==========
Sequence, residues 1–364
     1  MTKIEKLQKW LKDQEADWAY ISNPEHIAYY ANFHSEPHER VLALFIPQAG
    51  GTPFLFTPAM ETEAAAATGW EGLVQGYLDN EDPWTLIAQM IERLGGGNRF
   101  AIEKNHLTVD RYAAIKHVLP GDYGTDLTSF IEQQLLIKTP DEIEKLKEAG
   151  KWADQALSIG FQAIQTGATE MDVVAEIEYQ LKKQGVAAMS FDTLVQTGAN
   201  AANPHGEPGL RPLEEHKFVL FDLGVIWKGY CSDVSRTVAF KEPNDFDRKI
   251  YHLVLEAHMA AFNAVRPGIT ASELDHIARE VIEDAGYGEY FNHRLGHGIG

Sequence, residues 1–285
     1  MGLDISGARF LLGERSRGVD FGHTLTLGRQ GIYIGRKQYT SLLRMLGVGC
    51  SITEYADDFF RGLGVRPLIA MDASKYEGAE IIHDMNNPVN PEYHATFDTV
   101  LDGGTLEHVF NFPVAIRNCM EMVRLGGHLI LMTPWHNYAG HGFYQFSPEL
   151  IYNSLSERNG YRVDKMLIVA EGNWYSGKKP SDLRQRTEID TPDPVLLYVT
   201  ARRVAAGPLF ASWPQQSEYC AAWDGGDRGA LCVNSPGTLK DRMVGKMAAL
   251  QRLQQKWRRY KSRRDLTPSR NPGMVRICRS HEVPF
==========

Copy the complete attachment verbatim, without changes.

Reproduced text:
Sequence, residues 1–364
     1  MTKIEKLQKW LKDQEADWAY ISNPEHIAYY ANFHSEPHER VLALFIPQAG
    51  GTPFLFTPAM ETEAAAATGW EGLVQGYLDN EDPWTLIAQM IERLGGGNRF
   101  AIEKNHLTVD RYAAIKHVLP GDYGTDLTSF IEQQLLIKTP DEIEKLKEAG
   151  KWADQALSIG FQAIQTGATE MDVVAEIEYQ LKKQGVAAMS FDTLVQTGAN
   201  AANPHGEPGL RPLEEHKFVL FDLGVIWKGY CSDVSRTVAF KEPNDFDRKI
   251  YHLVLEAHMA AFNAVRPGIT ASELDHIARE VIEDAGYGEY FNHRLGHGIG

Sequence, residues 1–285
     1  MGLDISGARF LLGERSRGVD FGHTLTLGRQ GIYIGRKQYT SLLRMLGVGC
    51  SITEYADDFF RGLGVRPLIA MDASKYEGAE IIHDMNNPVN PEYHATFDTV
   101  LDGGTLEHVF NFPVAIRNCM EMVRLGGHLI LMTPWHNYAG HGFYQFSPEL
   151  IYNSLSERNG YRVDKMLIVA EGNWYSGKKP SDLRQRTEID TPDPVLLYVT
   201  ARRVAAGPLF ASWPQQSEYC AAWDGGDRGA LCVNSPGTLK DRMVGKMAAL
   251  QRLQQKWRRY KSRRDLTPSR NPGMVRICRS HEVPF